Following a domestic disturbance with police intervention at his Cutchogue home last Thursday, Southold Supervisor Scott Russell has temporarily turned over his town responsibilities to the town’s deputy supervisor, Phillip Beltz.
“Town government will continue to function as usual,” Mr. Beltz said on Friday. Regarding Mr. Russell, he added, “We hope that everyone respects the family’s privacy.”
A separate statement attributed in a release to the other five Southold Town Board members said, “Supervisor Russell will be taking some time off to address personal and private matters.”
Police were called to the Russell home last Thursday morning, but no charges were filed, according to Southold Police Captain Martin Flatley. Mr. Russell is married and has two children.
The department has released no additional details on what occurred, which is routine in the case of domestic calls, the captain added.
Town Board members are offering no comment beyond the prepared statement.
Ruthanne Woodhull, Mr. Russell’s secretary, said only that the supervisor “is home and taking care of himself.”
No word has been given as to when Mr. Russell might return. Also unknown is how, or if, his absence might affect his re-election campaign.
A former town assessor, Mr. Russell has served in Southold’s top elected post since 2005. In 2007 he became the town’s first supervisor to win the just-expanded four-year term, taking 83 percent of the vote.
Southold’s Republicans, who during last month’s party convention nominated the supervisor to run for a third term, still expect Mr. Russell to be on the ballot in the fall, said town GOP chairman Denis Noncarrow.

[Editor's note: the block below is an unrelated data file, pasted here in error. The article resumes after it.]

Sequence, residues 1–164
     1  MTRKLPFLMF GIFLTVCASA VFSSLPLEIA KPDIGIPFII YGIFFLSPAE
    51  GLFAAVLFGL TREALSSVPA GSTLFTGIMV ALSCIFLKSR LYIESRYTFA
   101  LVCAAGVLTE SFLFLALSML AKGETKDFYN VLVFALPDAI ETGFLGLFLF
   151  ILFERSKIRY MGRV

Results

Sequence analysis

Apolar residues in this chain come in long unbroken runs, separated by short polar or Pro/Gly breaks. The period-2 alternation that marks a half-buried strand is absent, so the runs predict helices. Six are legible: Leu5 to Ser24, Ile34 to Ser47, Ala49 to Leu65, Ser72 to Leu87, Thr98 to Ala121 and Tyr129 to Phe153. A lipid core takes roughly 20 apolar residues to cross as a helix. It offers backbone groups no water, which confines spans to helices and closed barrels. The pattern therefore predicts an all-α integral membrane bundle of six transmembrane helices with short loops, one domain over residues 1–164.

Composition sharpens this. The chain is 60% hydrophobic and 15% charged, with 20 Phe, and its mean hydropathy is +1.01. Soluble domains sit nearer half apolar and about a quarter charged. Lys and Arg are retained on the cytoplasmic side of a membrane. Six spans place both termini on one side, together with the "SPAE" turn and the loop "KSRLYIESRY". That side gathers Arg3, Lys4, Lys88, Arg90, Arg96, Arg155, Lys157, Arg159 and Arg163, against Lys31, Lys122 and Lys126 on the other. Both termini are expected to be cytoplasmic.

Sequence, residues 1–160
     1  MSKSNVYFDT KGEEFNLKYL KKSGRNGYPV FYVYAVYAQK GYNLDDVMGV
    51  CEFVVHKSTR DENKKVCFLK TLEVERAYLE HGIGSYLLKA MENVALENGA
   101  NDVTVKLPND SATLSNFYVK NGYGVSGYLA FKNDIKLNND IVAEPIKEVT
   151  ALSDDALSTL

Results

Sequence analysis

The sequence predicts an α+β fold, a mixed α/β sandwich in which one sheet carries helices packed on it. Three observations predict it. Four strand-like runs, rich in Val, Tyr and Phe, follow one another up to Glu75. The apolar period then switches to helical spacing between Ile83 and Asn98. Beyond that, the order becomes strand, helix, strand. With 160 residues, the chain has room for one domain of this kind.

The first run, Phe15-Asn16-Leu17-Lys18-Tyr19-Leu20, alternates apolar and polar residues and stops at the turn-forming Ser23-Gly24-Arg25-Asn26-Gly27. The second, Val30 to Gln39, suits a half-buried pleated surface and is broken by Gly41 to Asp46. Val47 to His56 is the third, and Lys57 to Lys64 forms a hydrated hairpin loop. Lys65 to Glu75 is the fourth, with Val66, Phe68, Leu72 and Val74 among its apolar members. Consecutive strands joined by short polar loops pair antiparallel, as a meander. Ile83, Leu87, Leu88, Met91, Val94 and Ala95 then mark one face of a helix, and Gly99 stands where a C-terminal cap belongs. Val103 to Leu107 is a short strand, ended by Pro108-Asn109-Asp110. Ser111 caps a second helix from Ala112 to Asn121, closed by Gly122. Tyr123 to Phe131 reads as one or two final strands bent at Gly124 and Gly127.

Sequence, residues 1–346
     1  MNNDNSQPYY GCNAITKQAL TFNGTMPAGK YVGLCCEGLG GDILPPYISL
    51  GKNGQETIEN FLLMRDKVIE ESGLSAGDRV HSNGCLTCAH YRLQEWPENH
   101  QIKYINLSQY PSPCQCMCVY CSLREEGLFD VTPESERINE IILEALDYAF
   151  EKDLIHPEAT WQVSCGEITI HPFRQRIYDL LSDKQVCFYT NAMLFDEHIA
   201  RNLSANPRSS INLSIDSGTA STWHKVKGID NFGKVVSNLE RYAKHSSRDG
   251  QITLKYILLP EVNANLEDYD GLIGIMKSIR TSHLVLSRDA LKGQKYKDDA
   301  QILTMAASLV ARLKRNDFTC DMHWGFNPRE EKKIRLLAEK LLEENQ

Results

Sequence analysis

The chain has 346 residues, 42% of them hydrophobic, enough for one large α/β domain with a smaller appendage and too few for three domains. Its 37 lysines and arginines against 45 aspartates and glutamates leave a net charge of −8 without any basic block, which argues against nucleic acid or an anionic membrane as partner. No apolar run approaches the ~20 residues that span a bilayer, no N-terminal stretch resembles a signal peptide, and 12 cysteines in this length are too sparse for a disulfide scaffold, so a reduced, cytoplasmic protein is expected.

“We have no reason to believe that Scott won’t be at the top of the ticket,” Mr. Noncarrow said. He added that he has not spoken with the supervisor since last week,
“I feel for the guy,” Mr. Noncarrow added. “It’s a stressful job and it gets to you. We’ve all had problems in our lives and we’re all there to support him.”
As to what took place at the Russell home last week, the chairman added, “There are all sorts of rumors out there. But people should not jump to conclusions. We have to give him time to regroup.”
Southold Democratic leader Art Tillman said his party is still screening potential candidates. He also declined to comment on Mr. Russell’s situation.
When the Town Board next meets on Tuesday, Mr. Beltz will run the meeting. However, because the position is appointed, not elected, the deputy supervisor cannot vote on board resolutions.
Councilman Al Krupski, the board’s lone Democrat, said there’s no reason to fear having a non-elected staffer running Town Hall.
Mr. Beltz, the councilman said, “has been part of town government for years. He’s very familiar with the workings of Town Hall and that makes him very valuable.”
Mr. Krupski met Wednesday with councilmen Vinny Orlando and Bill Ruland to set the board’s meeting agenda, a job usually completed by the supervisor. The councilmen also sat down with Town Hall department heads.
“We asked that everyone just keep doing their job,” said Mr. Krupski. “We have a competent and capable workforce here so nobody’s worried about the functioning of town government. We’re going to plod along.”
Mr. Beltz, who has served as deputy supervisor since 2009, became a town employee in June 2003. He was hired as a part-time senior citizen aide at the town Human Resources Center in Mattituck, assigned to visiting homebound elderly residents to evaluate their need for services.
The Town Board appointed him full-time special projects coordinator in January 2004. His duties in that job were varied, including coordinating he town’s affordable housing program, particularly the development of the The Cottages at Mattituck, a 22-unit project built by the Long Island Housing Partnership.
Mr. Beltz was also heavily involved in youth activities and was responsible for guiding the nine separate hamlet stakeholder groups established by the town to provide input on local long-range planning goals.
Prior to working for the town, Mr. Beltz, of Peconic, was development director of a nonprofit agency assisting homeless, runaway and at-risk youths. He was also employed by Horizon House in Philadelphia as director of its homeless services division.